SAMI AL-HAJJ: Yes, yes, three people, and one translator. And they told me, “Your story is clear. You don’t have anything. But you are now in Guantánamo, and we wait until we get some decisions from Pentagon to release you. Until that time, we want you to be patient and to cooperate with our people.” Later on, someone, he came, and they told me, “You are here to preparing you to cooperate with us in future.” I told him, “What that means?” He said, “You said in Kandahar you are ready to cooperate with us.” I told him, “Yes, I said that. But I said that I mean by ‘cooperate’ to answer question, not to work with you.” He said, “No, we understand you want to be with us, work with us.” And they starting give me some offer to give me a U.S.A. nationality and take care about my family, if I work with them in CIA to continue my job being journalist with Al Jazeera, just send for them some information about the link between Al Jazeera and al-Qaeda and the terrorist people and some people in the Middle East. Of course, I refused to do that. I told them, “I’m journalist, and I will die as a journalist. I will never work as a work, and just only journalist.”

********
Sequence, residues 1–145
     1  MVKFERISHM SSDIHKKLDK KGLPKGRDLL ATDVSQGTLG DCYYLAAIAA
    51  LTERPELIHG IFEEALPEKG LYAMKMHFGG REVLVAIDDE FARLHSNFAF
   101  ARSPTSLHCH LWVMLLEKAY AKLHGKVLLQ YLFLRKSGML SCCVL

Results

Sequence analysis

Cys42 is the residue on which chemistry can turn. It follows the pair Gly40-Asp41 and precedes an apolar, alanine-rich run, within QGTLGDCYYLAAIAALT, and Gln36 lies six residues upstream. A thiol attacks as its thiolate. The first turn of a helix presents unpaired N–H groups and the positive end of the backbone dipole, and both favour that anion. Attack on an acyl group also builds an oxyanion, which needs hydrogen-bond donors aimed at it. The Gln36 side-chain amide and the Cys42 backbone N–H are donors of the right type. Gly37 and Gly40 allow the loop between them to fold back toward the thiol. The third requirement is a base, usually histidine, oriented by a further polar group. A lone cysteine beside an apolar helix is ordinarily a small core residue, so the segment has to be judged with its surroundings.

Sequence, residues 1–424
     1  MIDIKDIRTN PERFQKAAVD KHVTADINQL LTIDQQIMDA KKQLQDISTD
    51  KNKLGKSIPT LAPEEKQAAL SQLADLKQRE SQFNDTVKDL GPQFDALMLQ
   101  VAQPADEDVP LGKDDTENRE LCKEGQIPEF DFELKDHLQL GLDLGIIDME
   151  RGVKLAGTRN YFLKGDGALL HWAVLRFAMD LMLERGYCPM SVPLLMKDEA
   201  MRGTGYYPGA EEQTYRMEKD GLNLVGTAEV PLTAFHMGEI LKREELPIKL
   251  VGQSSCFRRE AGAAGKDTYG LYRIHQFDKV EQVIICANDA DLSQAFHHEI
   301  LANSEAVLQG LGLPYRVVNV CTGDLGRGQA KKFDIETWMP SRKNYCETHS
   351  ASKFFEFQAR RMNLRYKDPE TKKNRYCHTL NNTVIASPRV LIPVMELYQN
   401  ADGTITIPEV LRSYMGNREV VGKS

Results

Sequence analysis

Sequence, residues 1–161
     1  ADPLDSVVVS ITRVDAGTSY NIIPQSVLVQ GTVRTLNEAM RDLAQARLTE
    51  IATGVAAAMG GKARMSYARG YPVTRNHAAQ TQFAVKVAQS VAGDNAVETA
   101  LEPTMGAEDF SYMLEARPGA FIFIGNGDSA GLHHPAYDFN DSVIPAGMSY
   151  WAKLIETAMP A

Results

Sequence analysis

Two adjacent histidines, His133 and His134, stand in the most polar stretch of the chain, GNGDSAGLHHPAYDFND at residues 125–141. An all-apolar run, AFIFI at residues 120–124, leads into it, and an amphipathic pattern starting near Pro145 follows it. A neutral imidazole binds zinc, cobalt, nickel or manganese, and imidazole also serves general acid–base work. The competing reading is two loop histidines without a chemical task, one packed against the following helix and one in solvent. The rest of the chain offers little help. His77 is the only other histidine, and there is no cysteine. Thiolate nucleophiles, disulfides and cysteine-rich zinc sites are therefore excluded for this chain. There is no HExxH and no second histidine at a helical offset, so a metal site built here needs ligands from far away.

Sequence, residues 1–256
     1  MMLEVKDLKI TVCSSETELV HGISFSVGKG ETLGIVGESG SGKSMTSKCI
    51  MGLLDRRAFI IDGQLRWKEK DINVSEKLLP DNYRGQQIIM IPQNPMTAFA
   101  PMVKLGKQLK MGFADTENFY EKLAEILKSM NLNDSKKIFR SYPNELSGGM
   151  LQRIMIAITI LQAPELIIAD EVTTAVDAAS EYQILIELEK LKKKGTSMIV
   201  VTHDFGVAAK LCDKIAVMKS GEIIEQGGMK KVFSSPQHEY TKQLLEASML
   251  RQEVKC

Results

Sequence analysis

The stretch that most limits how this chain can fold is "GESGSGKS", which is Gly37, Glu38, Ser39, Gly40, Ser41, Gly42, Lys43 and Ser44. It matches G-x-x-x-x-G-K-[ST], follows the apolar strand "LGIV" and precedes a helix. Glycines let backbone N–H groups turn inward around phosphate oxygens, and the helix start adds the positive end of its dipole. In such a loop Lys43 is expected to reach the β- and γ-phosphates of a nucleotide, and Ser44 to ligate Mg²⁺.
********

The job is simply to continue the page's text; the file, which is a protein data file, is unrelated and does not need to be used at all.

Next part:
And while I question whether we’ll ever learn the truth about Hassan Ghul, he reportedly agreed to infiltrate al Qaeda for us after we tortured him before he flipped back and got killed in a drone strike.
So one reason the CIA and DOD embraced torture was in hope of recruiting people to become our spies.
The propaganda value of torture, however, will receive far less attention still, because the implications of it are truly horrible. All reports about our torture assume that we “knew” the answers we wanted because we were stupid — we assumed al Qaeda had more plots than they did, or had grander plans than they did.
Or had ties with Iraq.
But when we consider the case of Ibn Sheikh al-Libi, whose torture-induced claim al Qaeda had ties to Iraq’s WMD programs helped drag us into Iraq,